Today, there are estimated to be over 500 cities, counties, and states that have declared themselves sanctuaries in the US. Covering a similar time frame and gaining momentum over the last decade is the nullification of drug laws in US states. While many drugs remain illegal at the federal level, an increasing number of states are declaring medicinal and recreational use of a variety of substances to be legal.
Now let’s examine what characteristics generally encompass successful nullification campaigns. Nullification campaigns often involve two different strategies. The first strategy is to change the governmental perspective of the given topic in a legal or official sense. This would be through legalization or a change in policy that results in a different approach to the topic by the government in question. The second strategy is to refuse to assist federal authorities in the enforcement of their own laws and regulations. This occurs through prohibitions on cooperation with federal agencies or through the restriction of funding or resources directed at local/federal cooperation programs.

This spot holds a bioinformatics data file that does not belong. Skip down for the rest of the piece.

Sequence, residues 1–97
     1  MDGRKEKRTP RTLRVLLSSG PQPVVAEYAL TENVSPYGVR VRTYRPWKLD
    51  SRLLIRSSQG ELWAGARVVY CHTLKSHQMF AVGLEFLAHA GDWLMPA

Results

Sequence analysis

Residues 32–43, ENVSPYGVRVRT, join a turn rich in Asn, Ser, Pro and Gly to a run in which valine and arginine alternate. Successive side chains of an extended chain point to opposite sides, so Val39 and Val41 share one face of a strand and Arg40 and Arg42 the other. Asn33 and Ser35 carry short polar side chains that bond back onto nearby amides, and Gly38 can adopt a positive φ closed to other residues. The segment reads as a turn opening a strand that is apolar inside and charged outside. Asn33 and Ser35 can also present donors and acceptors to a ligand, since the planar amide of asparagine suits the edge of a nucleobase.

I feel the need to pause and praise both the sanctuary and drug legalization movements for their success in expanding their ideas both officially through government actions and socially through the growth of public support for such ideas. It is indisputable that more people use drugs legally (at the state level) in the US than were doing so before the drug nullification movement took hold. It is likewise indisputable that there are more places for illegal immigrants to live without fear of pursuit by local government entities than before that movement took hold.
Finally, we come to the guns. Success surrounding nullification of federal and state gun laws has almost exclusively occurred in the courts. We have also seen numerous victories in state legislatures with regards to gun laws, beyond nullification drives. The multiple resounding victories in these avenues does not excuse the firearms community from its lack of significant victories in the nullification space. This is not through a lack of effort, but a lack of effect.